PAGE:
The Art Of Golf Balls

Like many “06880” readers, Heather Heenehan was grossed out by a recent Pic of the Day. It showed dozens of golf balls floating in the water near Longshore’s Hendricks Point driving range.

They weren’t the only place the Greens Farms Academy teacher had seen them.

Last October, her Oceanography class found a golf ball during their monthly survey of the nearby Burying Hill Beach shoreline.

Curious, they picked it up.

Then they found more, nestled in the rocks. They picked them up too, to clean the beach.

The students realized they now had important evidence of marine debris. They continued the project in Heenehan’s Marine Biology class this spring.

The Marine Biology class at Burying Hill Beach, earlier this spring. (Photo/Heather Heenehan)

They learned that in the water, golf balls break down into small pieces of plastic that are unhealthy for marine organisms to digest.

In addition, they’re covered in toxic zinc.

But what to do with the 121 golf balls they’d collected — a small fraction of the amount in Long Island Sound? How could they draw attention to what they’d found?


They were inspired by Alex Weber, a California high school student who also noticed golf balls around her coast. She and a few friends collected 50,000 (!).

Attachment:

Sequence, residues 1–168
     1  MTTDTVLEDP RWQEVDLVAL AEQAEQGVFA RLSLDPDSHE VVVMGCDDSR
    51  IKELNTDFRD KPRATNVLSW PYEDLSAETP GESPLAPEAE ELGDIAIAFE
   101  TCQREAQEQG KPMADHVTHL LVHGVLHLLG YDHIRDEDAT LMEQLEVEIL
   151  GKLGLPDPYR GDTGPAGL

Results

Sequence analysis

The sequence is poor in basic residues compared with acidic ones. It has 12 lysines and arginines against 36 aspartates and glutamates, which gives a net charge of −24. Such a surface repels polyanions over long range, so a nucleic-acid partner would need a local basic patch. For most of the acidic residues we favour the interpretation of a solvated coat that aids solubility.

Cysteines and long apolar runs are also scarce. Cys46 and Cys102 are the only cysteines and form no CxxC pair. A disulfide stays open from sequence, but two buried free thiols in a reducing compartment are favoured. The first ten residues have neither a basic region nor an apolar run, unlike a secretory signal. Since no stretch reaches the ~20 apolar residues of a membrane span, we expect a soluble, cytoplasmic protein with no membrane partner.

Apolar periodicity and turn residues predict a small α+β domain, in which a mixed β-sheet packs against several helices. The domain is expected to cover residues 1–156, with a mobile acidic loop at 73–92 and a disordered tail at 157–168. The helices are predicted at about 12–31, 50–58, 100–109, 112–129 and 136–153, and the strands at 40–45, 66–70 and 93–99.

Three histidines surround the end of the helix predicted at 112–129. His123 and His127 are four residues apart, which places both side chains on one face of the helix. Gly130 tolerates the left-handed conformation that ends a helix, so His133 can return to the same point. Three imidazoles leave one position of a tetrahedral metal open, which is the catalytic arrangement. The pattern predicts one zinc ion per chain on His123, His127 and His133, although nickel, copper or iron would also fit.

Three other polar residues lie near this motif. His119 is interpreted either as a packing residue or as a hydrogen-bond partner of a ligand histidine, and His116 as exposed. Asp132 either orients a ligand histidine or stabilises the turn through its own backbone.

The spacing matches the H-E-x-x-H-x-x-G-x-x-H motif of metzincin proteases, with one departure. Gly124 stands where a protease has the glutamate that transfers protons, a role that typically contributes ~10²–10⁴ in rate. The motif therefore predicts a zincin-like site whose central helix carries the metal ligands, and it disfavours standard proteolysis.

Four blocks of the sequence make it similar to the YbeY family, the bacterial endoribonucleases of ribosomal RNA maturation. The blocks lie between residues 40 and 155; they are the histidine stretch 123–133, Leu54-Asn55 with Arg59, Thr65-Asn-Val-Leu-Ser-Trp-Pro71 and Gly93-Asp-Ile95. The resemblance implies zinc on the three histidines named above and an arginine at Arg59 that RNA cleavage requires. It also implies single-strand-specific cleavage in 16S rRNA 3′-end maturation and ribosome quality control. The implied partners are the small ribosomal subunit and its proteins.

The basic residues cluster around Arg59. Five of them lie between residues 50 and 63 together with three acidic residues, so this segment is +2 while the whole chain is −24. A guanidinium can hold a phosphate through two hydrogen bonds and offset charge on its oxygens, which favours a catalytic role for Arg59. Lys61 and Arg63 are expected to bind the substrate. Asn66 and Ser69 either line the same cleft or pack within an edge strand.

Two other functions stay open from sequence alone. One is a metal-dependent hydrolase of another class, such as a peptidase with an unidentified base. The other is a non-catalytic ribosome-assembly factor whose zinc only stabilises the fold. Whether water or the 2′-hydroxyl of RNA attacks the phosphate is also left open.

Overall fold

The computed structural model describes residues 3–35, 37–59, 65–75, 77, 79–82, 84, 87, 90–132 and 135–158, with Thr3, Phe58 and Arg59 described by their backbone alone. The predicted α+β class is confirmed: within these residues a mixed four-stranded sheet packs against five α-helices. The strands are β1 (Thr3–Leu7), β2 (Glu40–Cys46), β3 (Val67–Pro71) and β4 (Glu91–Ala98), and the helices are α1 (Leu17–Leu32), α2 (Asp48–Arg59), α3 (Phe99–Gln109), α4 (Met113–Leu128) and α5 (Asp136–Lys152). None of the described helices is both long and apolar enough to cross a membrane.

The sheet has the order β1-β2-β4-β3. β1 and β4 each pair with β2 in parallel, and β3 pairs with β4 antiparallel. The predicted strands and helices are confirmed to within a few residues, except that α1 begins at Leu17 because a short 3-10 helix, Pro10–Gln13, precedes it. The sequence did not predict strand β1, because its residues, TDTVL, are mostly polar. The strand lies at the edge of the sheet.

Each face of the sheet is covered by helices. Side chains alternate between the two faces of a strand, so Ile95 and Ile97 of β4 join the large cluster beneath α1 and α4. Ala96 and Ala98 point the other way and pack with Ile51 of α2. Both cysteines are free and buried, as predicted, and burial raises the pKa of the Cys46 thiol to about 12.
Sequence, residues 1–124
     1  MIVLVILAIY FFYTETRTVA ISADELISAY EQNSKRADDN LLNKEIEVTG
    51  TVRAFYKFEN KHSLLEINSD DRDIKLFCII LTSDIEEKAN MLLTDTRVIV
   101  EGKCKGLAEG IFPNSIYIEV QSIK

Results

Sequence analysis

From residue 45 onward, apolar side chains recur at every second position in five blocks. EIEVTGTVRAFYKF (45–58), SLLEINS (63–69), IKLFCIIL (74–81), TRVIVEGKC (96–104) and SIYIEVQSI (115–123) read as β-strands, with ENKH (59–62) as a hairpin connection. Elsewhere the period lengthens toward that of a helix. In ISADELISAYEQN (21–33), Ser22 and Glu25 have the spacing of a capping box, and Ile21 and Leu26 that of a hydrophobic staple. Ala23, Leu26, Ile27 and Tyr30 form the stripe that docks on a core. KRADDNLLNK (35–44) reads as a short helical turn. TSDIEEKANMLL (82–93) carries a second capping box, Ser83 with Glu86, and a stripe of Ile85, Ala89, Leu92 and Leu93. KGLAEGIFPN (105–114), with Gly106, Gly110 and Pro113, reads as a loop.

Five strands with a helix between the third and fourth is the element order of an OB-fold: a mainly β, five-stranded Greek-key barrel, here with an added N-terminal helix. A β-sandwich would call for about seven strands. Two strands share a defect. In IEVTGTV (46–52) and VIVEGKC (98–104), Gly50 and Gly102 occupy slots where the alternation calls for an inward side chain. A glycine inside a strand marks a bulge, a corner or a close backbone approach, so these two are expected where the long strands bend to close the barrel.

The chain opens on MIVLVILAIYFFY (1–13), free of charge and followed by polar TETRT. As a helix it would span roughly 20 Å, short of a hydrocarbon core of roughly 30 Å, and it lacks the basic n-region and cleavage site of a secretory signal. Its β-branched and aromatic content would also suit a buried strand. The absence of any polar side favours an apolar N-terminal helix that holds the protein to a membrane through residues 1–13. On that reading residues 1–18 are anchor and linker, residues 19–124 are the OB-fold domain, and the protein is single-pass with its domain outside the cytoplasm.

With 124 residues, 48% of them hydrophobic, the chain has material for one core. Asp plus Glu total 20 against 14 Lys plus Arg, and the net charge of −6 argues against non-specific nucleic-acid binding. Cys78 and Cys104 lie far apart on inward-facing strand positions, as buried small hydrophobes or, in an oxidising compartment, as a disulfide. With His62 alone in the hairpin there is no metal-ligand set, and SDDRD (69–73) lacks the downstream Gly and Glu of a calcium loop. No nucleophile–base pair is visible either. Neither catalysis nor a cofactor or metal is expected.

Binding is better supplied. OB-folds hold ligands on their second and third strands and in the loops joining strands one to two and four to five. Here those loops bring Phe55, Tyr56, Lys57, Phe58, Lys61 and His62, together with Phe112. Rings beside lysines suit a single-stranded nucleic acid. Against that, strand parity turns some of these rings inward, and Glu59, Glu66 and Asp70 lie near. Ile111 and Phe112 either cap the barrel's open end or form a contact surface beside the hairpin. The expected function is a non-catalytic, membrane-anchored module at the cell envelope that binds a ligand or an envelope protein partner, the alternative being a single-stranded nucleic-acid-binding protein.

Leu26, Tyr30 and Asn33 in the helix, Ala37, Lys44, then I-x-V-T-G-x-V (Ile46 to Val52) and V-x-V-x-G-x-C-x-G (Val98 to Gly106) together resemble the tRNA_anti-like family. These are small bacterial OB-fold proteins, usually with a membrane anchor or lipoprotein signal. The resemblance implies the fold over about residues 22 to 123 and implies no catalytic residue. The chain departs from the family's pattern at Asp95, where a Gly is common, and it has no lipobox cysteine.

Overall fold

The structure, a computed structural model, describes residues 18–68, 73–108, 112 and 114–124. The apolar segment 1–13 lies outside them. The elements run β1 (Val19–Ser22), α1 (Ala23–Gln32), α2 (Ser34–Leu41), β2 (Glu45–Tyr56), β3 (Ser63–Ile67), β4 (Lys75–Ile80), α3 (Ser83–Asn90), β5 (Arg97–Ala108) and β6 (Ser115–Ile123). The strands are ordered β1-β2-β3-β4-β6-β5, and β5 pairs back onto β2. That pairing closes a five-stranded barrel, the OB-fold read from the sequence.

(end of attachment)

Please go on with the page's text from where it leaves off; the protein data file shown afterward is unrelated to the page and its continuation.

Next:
Heenehan’s students cut and painted their golf balls into a mural.

The bottom layer represents the land along the shoreline: green representing seaweed, brown and tan for rocks and sand.

The middle piece portrays the oceans, with various creatures scattered throughout.

The top piece is the sky and sunset.


The Greens Farms Academy mural.

(Hat tip: Dawn Henry)

7 responses to “The Art Of Golf Balls

  1. Fran White

    What a wonderful project, transforming objects likely to end up as waste into art.

  2. Mary Cookman Schmerker

    Way to go GFA. What a wonderful project. I will forward this to Nancy Lauber, a former teacher and then Headmistress and an avid golfer. She will be so proud. P.S. So would my Mom and brother even though they weren’t golfers. Both were environmentally conscious persons long before it was a “thing”.

  3. Vanessa Bradord

    Walking the Fairfield coastline I have often seen golfers practice their swings by hitting balls into the Sound. Sometimes they can collect them at low tide. Other times not!

    • David J. Loffredo

      I’ve collected more than 600 this year from the beach in Fairfield. It’s mostly the students hitting from a few different rental houses – just dumb.

  4. Richard Fogel

    some think the beach is a sand trap. Take care of our world.

  5. Jack Harder

    When I would duck hunt on Hendrick’s Point I would pick up balls and put them in my decoy bag. I would then dump them back up on the range. Sometimes the bag would be so heavy with balls I could barely drag it up the river bank.

  6. Andrew Colabella

    Fantastic initiative to continue cleaning up our shorelines and being proactive in removing harmful waste in our waters. Long Island Sound holds 5,000 microfibers per cubic meter. Micro plastics is the most lethal. If ingested by aquatic life it can kill them and if it doesn’t, when fished, can end up on your plate.